In the case of interviews, minutes are drafted by the Secretariat during the interview to be signed by the interviewee at the end. The interviewee receives a copy of the protocol.

Any officers or employees interviewed have a right to be represented and accompanied by their individual counsel. Counsel for the company may attend the interviews as well.

In the view of the Secretariat, counsel shall not provide replies instead of the interviewee, but shall fulfil its function (eg, by asking supplementary questions). The Secretariat therefore routinely requests counsel to be seated behind the interviewee, rather than next to him or her, in order to avoid answers of interviewees being influenced by counsel.

Under Swiss law, counsel may potentially represent both individuals (officers or employees of the company) as well as the company, provided that such fact is disclosed to all parties and there is no conflict of interests. Nevertheless, it is generally advisable to seek independent legal advice for individuals and the company, as the sanctions for individuals and the company in the event that cartel conduct is confirmed differ. The Secretariat considers it generally inadmissible that company counsel at the same time acts as individual counsel of the interviewee.

Upon a dawn raid, with which formal investigations are typically opened, initial steps of defence counsel include ensuring the following are taking place: (i) the search warrant as well as the identities of the inspectors shall be verified and copied; (ii) the employees do not prevent or impede the search; and (iii) the inspectors are granted access while being accompanied.

Upon a dawn raid, it also needs to be quickly assessed whether the company shall file a leniency application. If a leniency application (marker) is being made, the undertaking has immediately to co-operate fully with the competition authorities to benefit from the benefits of leniency (see below, 2.17 Leniency, Immunity and/or Amnesty Regime).

Furthermore, defence counsel shall claim sealing of all documents that must not be seized, in particular as they are subject to the attorney-client privilege (see below, 2.12 Attorney-client Privilege) or personal secrecy (such as files on employees).

Parties to agreements, undertakings with market power and affected third parties must provide the competition authorities with all information required for their investigations and produce the necessary documents (Article 40 Cartel Act). The Secretariat can send to companies requests for documents or information (eg, questionnaires requesting information on specific conduct or, more generally, on a market).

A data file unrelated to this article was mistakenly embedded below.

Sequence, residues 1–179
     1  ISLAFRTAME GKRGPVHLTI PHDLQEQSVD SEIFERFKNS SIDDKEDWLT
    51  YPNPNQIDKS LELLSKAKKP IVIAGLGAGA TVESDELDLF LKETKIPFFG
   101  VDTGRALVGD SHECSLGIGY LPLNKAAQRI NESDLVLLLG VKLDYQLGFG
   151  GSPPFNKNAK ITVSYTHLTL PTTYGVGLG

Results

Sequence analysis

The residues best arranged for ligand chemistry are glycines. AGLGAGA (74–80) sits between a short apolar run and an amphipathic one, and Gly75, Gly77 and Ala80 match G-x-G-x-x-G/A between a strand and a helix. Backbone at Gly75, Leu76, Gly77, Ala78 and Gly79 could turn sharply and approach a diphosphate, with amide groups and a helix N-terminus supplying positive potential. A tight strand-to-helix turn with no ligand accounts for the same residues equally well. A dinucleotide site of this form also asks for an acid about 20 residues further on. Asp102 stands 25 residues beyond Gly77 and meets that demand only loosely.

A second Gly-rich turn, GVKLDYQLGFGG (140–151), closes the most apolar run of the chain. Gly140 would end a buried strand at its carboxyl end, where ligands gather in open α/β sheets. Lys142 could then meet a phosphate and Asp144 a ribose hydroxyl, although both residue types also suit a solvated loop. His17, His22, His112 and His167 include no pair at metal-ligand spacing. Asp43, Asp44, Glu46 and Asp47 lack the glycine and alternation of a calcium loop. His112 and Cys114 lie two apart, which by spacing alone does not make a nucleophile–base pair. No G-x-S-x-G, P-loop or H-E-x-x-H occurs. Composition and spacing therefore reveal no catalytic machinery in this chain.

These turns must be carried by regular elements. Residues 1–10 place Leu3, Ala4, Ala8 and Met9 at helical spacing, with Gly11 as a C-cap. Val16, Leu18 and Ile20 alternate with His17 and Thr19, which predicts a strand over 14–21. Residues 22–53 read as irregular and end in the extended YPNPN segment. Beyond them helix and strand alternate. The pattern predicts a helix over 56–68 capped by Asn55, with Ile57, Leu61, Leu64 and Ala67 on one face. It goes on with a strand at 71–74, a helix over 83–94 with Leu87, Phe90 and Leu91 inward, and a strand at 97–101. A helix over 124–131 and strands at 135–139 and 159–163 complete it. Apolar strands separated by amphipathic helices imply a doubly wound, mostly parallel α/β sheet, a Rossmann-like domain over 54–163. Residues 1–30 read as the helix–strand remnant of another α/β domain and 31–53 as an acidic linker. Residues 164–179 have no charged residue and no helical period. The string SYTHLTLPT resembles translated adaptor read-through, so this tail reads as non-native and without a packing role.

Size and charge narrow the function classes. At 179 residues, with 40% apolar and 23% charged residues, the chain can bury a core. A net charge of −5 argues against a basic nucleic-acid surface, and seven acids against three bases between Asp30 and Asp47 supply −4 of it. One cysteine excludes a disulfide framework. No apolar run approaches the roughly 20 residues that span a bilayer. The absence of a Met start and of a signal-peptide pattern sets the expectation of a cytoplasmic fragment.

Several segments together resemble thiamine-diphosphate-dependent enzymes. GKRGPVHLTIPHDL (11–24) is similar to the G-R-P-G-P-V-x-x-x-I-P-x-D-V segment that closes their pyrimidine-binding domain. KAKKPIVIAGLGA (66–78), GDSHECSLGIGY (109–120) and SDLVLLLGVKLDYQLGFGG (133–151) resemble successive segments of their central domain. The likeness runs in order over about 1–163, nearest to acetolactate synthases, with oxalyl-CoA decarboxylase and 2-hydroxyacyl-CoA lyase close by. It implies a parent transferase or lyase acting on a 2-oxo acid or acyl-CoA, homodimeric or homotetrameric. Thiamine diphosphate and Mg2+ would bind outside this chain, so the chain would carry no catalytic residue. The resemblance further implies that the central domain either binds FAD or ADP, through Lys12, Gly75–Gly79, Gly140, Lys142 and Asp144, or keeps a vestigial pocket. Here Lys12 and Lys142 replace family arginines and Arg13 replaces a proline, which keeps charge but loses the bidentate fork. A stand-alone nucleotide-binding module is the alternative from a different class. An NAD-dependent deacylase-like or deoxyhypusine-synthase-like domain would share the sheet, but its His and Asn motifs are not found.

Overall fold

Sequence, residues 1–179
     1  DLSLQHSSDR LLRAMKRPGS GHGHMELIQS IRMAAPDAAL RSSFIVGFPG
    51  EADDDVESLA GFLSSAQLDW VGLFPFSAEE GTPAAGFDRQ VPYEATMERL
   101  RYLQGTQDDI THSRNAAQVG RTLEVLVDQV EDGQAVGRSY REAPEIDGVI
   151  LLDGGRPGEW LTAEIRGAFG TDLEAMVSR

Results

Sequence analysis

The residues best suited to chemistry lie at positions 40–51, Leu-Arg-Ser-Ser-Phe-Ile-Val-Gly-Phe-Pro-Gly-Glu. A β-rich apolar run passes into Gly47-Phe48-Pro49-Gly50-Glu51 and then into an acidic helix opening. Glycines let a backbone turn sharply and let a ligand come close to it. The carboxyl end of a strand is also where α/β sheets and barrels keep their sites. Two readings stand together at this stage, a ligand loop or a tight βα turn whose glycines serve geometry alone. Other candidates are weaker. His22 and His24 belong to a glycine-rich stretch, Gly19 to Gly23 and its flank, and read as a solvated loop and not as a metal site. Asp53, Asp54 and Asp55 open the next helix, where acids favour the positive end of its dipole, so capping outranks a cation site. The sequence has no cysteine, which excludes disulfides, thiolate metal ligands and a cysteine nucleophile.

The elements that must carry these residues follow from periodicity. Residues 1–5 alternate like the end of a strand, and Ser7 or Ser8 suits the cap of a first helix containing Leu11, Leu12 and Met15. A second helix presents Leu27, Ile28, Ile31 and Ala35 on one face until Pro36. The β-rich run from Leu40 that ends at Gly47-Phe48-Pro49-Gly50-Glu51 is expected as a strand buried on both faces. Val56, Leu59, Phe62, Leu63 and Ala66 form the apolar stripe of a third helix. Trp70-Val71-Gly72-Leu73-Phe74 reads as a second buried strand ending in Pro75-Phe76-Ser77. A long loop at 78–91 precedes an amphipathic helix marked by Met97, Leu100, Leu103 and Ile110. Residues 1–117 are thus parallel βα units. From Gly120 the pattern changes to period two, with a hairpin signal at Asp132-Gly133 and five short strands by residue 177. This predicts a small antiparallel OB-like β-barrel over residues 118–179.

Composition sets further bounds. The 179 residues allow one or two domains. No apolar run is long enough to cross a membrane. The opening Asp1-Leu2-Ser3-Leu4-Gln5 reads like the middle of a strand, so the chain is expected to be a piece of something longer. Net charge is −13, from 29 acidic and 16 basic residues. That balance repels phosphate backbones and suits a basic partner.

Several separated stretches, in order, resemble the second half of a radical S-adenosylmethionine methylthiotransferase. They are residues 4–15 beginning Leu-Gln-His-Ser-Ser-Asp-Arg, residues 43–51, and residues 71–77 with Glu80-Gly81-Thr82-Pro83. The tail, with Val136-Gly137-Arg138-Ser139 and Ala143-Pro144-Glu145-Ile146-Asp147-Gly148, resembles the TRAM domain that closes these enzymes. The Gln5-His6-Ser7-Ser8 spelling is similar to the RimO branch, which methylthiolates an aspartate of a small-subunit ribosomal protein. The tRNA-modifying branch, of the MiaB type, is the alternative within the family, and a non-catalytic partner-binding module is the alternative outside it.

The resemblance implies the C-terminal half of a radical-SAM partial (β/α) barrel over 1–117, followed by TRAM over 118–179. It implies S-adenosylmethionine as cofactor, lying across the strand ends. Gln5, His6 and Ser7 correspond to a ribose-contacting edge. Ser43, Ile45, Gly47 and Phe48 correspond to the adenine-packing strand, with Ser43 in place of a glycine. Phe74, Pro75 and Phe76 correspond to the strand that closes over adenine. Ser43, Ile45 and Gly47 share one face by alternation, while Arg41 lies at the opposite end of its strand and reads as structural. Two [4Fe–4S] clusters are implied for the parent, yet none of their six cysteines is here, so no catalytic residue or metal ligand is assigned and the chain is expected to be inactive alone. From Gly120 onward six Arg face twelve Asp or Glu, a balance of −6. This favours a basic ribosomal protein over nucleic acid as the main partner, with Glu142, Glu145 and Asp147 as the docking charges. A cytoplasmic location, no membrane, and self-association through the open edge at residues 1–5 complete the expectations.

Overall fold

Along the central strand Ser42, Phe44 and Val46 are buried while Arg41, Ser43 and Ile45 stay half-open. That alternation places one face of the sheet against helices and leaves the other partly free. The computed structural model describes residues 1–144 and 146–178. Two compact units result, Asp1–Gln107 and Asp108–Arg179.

An obligation to produce documents principally applies to all documents that are relevant for the investigation of competition authorities. This obligation is limited by the principle of proportionality and by privileges (attorney-client privilege, privilege against self-incrimination; see below, 2.12 Attorney-client Privilege and 2.13 Other Relevant Privileges).

In addition to documents (obtained through dawn raids or requests for information), the ComCo mainly uses responses to questionnaires and interviews as elements of proof for the alleged cartel conduct.

In the opinion of the Secretariat, the competence of the competition authorities to seize documents or other evidence during a dawn raid pertains to all evidence accessible in the premises of the company that is subject to the dawn raid ('accessibility principle'). Therefore, electronic documents may also be seized if they are located on servers abroad, provided they can be accessed from the company's premises. The same principle is in practice applied to the scope of companies to produce documents.

A further-reaching obligation to produce documents that are not accessible from Switzerland applies when the company has filed for leniency and thus is required to co-operate fully with the competition authorities.

Any objects and documents pertaining to the communication between a company and its external counsel must not be seized and need not be produced by the company (attorney-client privilege). The attorney-client privilege applies to a company's external counsel if it is authorised to represent parties in front of courts in Switzerland, but not to a company's in-house counsel. The attorney-client privilege applies to documents regardless of where they are located (ie, including documents located in the premises of the company).

Where the existence of legal privilege is in dispute, a company may request that the document(s) in question be sealed, pending a decision of the Federal Criminal Court on whether it may be seized and analysed. In the view of the Secretariat, it remains permissible that they make a summary assessment of the document in order to evaluate the existence of legal privilege.